I lived for most of my childhood in Northern Virginia. I always heard stories about the blatant racism on the campuses of the boarding schools and universities in the Southern part of the state. That violence was on display last night in Charlottesville, Virginia. When it was time for college, I tried to escape to schools in the north, but the truth is, white supremacy knows no geographical location. On the campus of my idyllic women’s college in southern Massachusetts, I knew women who so feared my black body that they refused to speak to me or look me in the eye. As a minister, I have endured home visits monopolized by racist and sexist language. My fellow Christians have made every attempt to diminish the value of my life because I am a young black woman. I stand in solidarity with the clergy gathered this weekend in Charlottesville, united in faith that despite the hate and fear that have characterized American life from its inception as a nation, the love of God overcomes all.
Finding Hope Amidst Bigotry
These past few years, I have started to earn a modest living by preaching and teaching about light, hope, peace, and the power of love.
I write, and speak, and teach, and preach, and study about an intangible love that I know exists. I know it exists because it has redeemed me, and it has redeemed generations of other faithful people.
Because of this love, we have hope, and if we have this hope, we can keep moving forward although this world so often makes us want to turn around. This world gives us a million reasons to bury our heads in the sand and to just wait for the end. But, this love. This incredible love helps us. This love breathes new life into dry bones.
But there is no peace. I am loved by the Prince of Peace. I am known and understood by the Prince of Peace. But, there is no peace.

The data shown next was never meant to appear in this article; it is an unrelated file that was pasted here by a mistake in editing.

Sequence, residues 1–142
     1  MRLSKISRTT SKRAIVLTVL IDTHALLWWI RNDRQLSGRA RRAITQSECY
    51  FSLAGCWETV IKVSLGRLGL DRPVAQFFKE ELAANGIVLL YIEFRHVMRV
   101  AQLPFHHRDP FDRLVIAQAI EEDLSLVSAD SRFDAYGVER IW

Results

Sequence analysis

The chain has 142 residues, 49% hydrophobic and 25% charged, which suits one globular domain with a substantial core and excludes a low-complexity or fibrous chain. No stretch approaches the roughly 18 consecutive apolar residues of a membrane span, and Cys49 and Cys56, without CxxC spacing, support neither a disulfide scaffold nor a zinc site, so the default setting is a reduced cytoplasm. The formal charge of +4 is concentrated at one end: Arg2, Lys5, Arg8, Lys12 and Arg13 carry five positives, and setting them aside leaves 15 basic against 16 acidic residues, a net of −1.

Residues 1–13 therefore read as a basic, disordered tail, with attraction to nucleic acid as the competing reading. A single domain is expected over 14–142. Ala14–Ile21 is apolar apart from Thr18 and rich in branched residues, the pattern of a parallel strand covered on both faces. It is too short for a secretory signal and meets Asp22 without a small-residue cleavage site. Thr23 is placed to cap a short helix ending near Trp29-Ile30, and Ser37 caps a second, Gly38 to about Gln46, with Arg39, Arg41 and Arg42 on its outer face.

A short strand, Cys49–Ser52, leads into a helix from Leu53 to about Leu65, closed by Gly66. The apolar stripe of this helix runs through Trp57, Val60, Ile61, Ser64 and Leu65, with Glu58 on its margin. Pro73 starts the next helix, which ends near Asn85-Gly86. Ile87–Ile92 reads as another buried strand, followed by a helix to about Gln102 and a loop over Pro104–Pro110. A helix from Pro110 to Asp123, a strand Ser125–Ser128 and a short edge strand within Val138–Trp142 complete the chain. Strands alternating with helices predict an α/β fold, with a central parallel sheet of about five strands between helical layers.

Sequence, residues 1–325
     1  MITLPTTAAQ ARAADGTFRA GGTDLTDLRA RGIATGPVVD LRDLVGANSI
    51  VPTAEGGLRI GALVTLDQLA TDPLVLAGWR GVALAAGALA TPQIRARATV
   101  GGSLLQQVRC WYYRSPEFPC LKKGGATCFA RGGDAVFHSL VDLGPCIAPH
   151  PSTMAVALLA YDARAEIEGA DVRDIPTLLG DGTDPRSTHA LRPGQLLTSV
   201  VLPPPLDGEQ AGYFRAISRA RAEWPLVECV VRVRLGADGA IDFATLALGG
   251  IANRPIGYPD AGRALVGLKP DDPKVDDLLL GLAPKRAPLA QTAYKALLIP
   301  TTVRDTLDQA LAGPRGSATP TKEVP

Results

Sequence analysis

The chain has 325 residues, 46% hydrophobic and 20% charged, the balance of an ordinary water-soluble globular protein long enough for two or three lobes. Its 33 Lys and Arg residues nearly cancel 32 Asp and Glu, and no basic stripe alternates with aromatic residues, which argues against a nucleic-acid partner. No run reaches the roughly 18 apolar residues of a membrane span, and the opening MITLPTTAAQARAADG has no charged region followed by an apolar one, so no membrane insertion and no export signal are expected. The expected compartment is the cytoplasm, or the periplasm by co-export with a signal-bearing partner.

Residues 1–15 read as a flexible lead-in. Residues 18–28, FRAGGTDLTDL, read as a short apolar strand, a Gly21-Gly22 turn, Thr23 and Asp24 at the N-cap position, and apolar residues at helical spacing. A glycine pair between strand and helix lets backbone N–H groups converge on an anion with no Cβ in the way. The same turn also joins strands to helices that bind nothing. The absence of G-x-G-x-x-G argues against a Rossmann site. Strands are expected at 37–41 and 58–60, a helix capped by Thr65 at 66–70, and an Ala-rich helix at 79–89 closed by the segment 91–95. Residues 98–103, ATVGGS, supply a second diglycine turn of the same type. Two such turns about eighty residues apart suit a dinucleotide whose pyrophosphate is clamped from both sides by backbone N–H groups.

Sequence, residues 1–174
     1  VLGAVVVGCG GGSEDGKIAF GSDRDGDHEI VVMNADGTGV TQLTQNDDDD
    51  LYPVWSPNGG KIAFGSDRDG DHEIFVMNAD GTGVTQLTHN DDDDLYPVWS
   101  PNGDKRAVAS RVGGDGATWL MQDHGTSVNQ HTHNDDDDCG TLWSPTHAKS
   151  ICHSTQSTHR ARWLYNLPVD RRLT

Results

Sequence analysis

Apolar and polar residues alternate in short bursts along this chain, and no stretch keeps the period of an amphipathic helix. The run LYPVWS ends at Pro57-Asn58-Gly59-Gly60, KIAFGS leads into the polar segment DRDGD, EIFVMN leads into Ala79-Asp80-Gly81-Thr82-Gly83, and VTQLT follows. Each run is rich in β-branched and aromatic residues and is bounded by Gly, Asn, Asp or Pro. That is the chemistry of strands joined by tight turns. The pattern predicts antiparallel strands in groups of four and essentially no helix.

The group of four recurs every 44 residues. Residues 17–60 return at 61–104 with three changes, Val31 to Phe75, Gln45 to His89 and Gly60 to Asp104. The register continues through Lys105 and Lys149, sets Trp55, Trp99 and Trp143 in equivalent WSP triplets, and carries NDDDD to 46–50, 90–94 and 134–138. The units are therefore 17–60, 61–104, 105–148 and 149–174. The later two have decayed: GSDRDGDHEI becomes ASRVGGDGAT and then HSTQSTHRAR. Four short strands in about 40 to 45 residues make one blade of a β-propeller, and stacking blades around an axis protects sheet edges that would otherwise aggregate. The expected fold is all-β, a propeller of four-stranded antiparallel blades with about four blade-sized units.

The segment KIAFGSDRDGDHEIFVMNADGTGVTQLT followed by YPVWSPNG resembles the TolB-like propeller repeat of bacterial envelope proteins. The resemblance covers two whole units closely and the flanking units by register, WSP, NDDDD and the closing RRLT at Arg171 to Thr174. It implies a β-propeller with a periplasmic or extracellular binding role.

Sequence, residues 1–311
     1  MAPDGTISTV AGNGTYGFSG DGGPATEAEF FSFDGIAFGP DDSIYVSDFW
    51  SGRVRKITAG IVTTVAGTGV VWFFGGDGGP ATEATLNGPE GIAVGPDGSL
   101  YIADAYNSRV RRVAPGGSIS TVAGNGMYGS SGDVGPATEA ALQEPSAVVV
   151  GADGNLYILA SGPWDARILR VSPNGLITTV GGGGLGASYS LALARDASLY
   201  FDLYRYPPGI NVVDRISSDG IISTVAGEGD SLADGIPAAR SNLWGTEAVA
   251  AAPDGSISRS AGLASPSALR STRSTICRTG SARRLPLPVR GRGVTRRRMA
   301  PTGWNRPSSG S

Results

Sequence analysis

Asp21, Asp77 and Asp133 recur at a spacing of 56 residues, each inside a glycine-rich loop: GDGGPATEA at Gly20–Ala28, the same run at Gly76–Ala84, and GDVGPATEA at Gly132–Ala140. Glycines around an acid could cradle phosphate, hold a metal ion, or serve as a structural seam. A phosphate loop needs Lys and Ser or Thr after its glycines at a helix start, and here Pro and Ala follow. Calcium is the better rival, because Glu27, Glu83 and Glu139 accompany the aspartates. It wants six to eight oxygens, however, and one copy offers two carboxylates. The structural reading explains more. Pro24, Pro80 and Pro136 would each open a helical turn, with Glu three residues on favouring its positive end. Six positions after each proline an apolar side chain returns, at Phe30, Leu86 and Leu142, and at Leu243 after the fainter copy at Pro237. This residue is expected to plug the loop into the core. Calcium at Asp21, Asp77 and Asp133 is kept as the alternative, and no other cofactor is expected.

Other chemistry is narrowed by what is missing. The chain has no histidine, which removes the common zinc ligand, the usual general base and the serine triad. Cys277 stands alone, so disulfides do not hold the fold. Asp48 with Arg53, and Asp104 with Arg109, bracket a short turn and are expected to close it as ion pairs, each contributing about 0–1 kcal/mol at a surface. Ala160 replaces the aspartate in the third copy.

In the freest nation in the world, we fear for our lives. Women and children have no peace. Gender non-conforming folks have no peace. Lesbian and gay people have no peace. Trans folks have no peace. Poor folks have no peace. Muslims and Jews have no peace. Folks with black and brown skin have no peace. And if we find ourselves at the cruel intersection between any two of these identities, there is so often, no justice and no peace.
We live in the shadow of white male superiority, and it is killing us. It has young white men marching the streets, no longer in white hoods, but with faces fully exposed, filled with unrighteous indignation. The streets of Charlottesville, Virginia, crowded with young white men shouting racist, sexist, anti-Semitic, and homophobic epithets at those who counter them.
And, the police are there. But there is no tear gas. Protesters are not slammed to the ground. Protestors are not arrested. They are protected by the power of a bigoted nation. And a President who can tweet all day to demean women he sees on his television screen . . .
The face of this movement for “white lives” is shamelessly exposed. And, in some perverted way, it is the face of us all. It is the face of every one of us who see racism, sexism, homophobia, transphobia, and xenophobia play out every day and averts our eyes. It is the face of every one of us who are shocked and appalled by the state of our nation but does nothing to correct the behaviors and attitudes of ourselves, our families, and our neighbors. White supremacist thought has burrowed itself so deeply into our psyches that we do not even know how much control the disease has taken in our lives. We need to name this enemy, and we need to fight back, here and now.
Because we still have this love. And this love gives us hope.